You’re To Blame for the Gulf Oil Spill Disaster

There’s a lot of blame going around for the Gulf of Mexico oil spill, and of course BP is getting most of it.

Who else should get a lot of the blame?

Look at yourself in the mirror – i.e. you, me and anyone else who chooses to consume oil and oil-derived products.

We all love oil – even those who profess to hate it and the companies that produce it. They love oil too, or else they wouldn’t keep choosing to consume it all the time.

We the consumers of oil rely on other people to extract it from the ground for us. While we expect them to extract it flawlessly, that’s not always realistic. With such vast and sophisticated extraction operations, fraught with methane and other flammable liquids and gases at every turn, there are bound to be occasional accidents and oil spills. Without you generating the demand for oil, there would be no oil wells. And no oil spills. So the ultimate responsibility for the Gulf of Mexico oil spill disaster lies with you.

Yes, that includes Prius-driving, Big-Oil condemning, snowmobile-loathing people who call themselves environmentalists. Chances are, they’re among big oil’s best, most loyal, and most dedicated customers as well. They’re constantly using their product – every day, many times a day; every time they drive their car, grease their bike, turn on their oil heater, moisten their lips with Vaseline, ride the bus, fly to their destinations, and buy their food that was transported to the grocery store in oil-consuming trucks. They hate Big Oil but love its product. Without it, their well-being, comfort level, and happiness would be severely compromised. They’d be living in abject poverty.

So you think that driving a Prius will reduce the demand for oil and thus help prevent oil spills? Nonsense – driving a Prius will help prolong our supplies of oil. We’ll keep extracting it for a longer time than we otherwise would have. So driving a Prius may even increase the potential for oil spills in the long run.

BTW, I’ve got nothing against buying a Prius at all. I’m all for prolonging our supplies of oil and saving people money.

In fact for my next car I’m thinking of a Civic hybrid (Priuses to me look nerdy). But because it’s about $5,000 more expensive than a regular Civic, I calculated that, assuming $2.80/gal. gas, I’d have to drive it for about 10 years in order for it to pay off in terms of money saved thanks to the higher gas mileage. That’s a let-down. And there’s no tax credit for Civic hybrids anymore.

Prius is the New Volvo

 

Assumption: Prius drivers disproportionately lean to the left, just as Volvo drivers lean left – or at least used to. I don’t have statistics verifying that but it seems to be the case.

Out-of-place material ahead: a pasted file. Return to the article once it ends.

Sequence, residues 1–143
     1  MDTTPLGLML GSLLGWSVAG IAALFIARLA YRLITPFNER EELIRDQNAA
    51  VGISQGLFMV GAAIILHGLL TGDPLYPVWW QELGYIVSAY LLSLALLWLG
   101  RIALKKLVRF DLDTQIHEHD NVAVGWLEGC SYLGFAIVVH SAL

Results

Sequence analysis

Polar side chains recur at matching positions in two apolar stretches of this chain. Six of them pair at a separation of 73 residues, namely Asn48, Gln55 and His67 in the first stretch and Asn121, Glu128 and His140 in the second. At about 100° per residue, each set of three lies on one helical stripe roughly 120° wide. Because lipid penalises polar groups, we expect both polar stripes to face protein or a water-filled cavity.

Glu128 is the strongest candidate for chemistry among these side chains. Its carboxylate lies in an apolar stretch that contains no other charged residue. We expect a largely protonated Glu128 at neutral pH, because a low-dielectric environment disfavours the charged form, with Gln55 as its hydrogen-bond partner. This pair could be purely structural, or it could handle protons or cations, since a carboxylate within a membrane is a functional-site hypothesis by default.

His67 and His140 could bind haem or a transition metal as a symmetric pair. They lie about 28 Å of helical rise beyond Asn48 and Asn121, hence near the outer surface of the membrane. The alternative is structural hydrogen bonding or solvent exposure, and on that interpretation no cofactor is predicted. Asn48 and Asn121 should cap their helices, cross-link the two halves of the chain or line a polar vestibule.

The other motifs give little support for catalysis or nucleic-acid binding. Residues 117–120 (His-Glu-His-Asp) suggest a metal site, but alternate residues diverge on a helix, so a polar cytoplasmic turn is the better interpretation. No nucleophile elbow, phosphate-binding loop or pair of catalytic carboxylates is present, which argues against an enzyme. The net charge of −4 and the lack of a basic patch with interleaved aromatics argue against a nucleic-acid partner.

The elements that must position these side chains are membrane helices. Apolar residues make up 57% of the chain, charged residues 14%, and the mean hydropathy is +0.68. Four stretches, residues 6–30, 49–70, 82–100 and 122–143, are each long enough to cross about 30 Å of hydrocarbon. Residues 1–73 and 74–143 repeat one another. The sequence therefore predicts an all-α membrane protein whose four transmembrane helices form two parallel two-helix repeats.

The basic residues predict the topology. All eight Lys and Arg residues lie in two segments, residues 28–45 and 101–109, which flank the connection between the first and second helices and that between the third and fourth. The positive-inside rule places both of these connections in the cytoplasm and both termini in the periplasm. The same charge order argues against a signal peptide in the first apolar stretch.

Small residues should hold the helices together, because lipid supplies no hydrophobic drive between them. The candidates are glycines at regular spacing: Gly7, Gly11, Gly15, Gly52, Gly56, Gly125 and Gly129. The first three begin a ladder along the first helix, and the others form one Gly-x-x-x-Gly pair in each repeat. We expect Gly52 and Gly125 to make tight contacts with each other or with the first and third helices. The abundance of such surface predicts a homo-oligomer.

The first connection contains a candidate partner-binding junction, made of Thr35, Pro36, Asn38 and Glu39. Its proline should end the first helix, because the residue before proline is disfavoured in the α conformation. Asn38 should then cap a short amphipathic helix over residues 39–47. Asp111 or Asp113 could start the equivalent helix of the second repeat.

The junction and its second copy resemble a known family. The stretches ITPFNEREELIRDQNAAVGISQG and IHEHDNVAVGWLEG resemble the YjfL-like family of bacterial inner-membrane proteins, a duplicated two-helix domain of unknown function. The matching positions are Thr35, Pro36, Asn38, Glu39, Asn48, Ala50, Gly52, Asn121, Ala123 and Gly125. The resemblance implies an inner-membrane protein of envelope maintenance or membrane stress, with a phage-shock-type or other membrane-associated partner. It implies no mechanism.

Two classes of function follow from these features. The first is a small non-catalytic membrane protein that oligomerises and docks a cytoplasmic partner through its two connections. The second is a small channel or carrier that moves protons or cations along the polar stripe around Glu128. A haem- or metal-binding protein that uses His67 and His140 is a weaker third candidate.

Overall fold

Why? I think it has just as much to do with the body style than it does with the gas mileage. The Prius body style to me looks nerdy. Likewise, Volvo body styles, with their boxy look, used to be nerdy (now they’re more mainstream). And for some reason, people who like the nerdy look tend to lean left.

As far as the high gas mileage aspect of the Prius, righties should be just a likely as lefties to be attracted to that. Granted, lefties more than righties likely would be attracted to hybrid cars because they think* they’re helping the environment. But righties would be more likely than lefties to be attracted to hybrid cars based on the reason that they think they’re saving money in the long run (assuming the purchase price isn’t overwhelmingly higher than a non-hybrid equivalent). Savers tend to be righties and spenders tend to be lefties, both when it comes to personal finances and national finances.

So in the end, the reason you saw more Obama bumper stickers than McCain bumper stickers on Priuses has got to be the nerdy body style.

 

* “Think” is the operative word. They may think they’re helping the environment, but they’re harming it. Anytime you drive around a half-ton machine that requires the laying of thousands of square miles of pavement and associated destruction of trees and natural habitat, that requires the construction of habitat-destroying and energy-consuming automotive factories, that requires the extraction and distribution of oil and other natural resources, that emits pollutants into the air, that generates a bit of noise pollution, and that to some observers generates sight pollution (i.e., the nerdy look), you’re not helping the environment at all. While you may be harming it a little less than, say, an SUV, it’s microscopically less. And you’re destroying the environment much more than the ever-hated (by lefties) snowmobiles and four-wheelers, which don’t require the paving over of natural habitat.

If you really want to help the environment, then don’t buy a Prius. Or any car.